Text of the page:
Wednesday, April 18, 2018

Bada-bing bada-boom photo-bomb

Yesterday I gathered up some baggies and a Sharpie for wool samples and headed to the Sheep Sheraton with the goal of doing the prep work on the remaining five girls. But on the way I noticed that Bittersweet had his head caught in the fence, a not uncommon occurrence this time of year when spring growth IS greener on the other side of the fence.

Blake and his two compadres are harder to round up and catch than the little boys or the girls, so this presented an opportunity. I turned the girls out to pasture, and went to extricate Bittersweet, exchanging a halter for the fence. I was hoping the other two would follow if I led Bittersweet into the fold, then got even luckier when Blake came up and I was able to put a halter on him, too.

Now Bing would be sure to follow!
None of them needed much in the way of toe trims, and truth be told, I probably should have rooed Blake and sheared Bing and Bittersweet while I had them in custody. But it was late and Rick came home while I was collecting the last fleece sample, so I didn't have time. (I'll have to hope for another head-stuck opportunity to catch them for fleece harvest.) Here are the three big boys and their fleece samples (if interested in fleece, click to biggify).

Bittersweet (Cadbury x Annabelle, 2012 wether)

Bing (Bunker x Marta, 2012 wether)

Blake (Braveheart x Brava, 2010 ram)

Blake always has a lot of grease at the roo line and he's a 'stinky' ram, which is why I'm planning to send his fleece off to be commercially processed. The other two are available.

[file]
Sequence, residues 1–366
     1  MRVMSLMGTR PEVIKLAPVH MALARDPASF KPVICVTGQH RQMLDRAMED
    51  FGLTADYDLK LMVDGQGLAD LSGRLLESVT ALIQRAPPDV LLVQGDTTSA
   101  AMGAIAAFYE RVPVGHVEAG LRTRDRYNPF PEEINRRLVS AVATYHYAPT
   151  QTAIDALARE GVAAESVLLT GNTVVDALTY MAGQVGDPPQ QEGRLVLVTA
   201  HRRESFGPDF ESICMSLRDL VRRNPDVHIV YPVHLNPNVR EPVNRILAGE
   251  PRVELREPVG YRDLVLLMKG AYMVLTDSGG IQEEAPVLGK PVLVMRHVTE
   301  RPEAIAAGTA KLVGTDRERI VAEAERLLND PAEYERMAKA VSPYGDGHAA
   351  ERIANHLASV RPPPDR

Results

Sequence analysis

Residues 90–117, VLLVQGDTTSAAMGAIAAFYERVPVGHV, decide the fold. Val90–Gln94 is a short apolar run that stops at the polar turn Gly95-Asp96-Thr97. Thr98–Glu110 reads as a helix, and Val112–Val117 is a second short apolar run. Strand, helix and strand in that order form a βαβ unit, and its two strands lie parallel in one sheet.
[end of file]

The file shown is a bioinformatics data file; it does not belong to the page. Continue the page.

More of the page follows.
Having unexpected checked off the boys off my mental list yesterday, I was even more motivated to finish up the girls today. Thankfully, the weather has turned the corner from wet to wonderful, so here are the rest of the lovely ladies, from oldest to youngest:

WhitePine Sarai (2010)

Mid-side photo before the crimp was stretched by rooing – only it wouldn't roo!

OK Acres Vienna (2011)

Bernadette (Nightcap x Babette, 2017)

Surprise; she can be rooed!

Close-up (bad color) of Bernie's crimp
Bette (Nightcap x Bree, 2017)

I thought I could roo her sample, so took a mid-side photo

Snipped, not rooed

Don't worry, they were rewarded for their 'torture'. 😉

As I've said before, if you see anything you want to reserve, speak up. I need to roo Butler, Blake, and Bernadette ASAP, but reserved fleeces will be expedited.

That's it for today from . . .

Tuesday, April 17, 2018

Time away, and two more (photo-heavy)

Last weekend I ran away to the Oregon Coast for our church's annual women's retreat. It was held in Yachats (pronounced "YAW-hots"), the furthest south I've been, so I got to explore new coastline and a quaint town along with the fellowship and spiritual feeding. It was a wet and windy weekend, but I still enjoyed watching, walking – and photographing, of course!
(All photos taken with my iPhone8.)

While I was away, I got an email from someone interested in Butler, my yearling ram. With that motivating me, I set aside time yesterday to tackle pedicures, fleece samples and photos of Butler and his wethered yearling uncle Bogie. Butler is ready to roo so I was able to pull, rather than snip, his sample, hence the odd-looking lock structure. So I took a photo of his mid-side, last rib fleece undisturbed to better show his lovely crimp. (Fine Shetland wool is supposed to have six or more crimps per inch.) If his rooed hogget fleece doesn't sell, I think I'll combine it with the three rooed fleeces of his grandsire Blake and have them all processed together into roving.

Butler (Nightcap x Bree, 2017 ram)

Bogie (Blake x Vienna, 2017 wether)

That's seven down, eight to go on the preliminary work!

That's it for now from . . .